Superbugs — germs that have evolved to become resistant to antibiotics and other medical treatments — are on the loose, infecting more than 2 million people in the U.S. every year and killing at least 23,000.
But a new analysis from the U.S. Centers for Disease Control and Prevention suggests that coordinated efforts to combat antibiotic-resistant infections could reduce the number of infections in healthcare facilities by more than half a million over the course of five years.
“If you’re a hospital doing a great job but the hospital down the street isn’t, your patients are at risk,” said CDC director Dr. Tom Frieden, during a phone call with reporters Tuesday afternoon. “Facilities that go it alone can’t protect their own patients.”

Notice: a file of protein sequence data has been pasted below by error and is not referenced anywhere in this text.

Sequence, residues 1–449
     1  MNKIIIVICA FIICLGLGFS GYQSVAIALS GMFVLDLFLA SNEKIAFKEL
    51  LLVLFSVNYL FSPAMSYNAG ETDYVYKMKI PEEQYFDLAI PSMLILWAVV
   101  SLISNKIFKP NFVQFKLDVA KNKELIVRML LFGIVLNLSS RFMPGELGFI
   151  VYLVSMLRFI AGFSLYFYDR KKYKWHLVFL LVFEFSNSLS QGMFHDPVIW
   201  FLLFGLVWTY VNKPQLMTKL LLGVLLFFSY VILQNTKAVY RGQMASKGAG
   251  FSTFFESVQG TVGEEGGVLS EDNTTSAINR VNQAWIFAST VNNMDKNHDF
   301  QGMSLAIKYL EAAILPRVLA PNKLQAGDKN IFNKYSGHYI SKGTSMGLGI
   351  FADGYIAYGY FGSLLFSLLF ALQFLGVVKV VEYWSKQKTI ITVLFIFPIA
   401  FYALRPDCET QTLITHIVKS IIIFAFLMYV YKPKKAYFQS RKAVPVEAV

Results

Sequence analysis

Combating deadly antibiotic-resistant infections, which spread easily through and between healthcare facilities and are increasingly difficult to treat, has been a major push for the public health agency.
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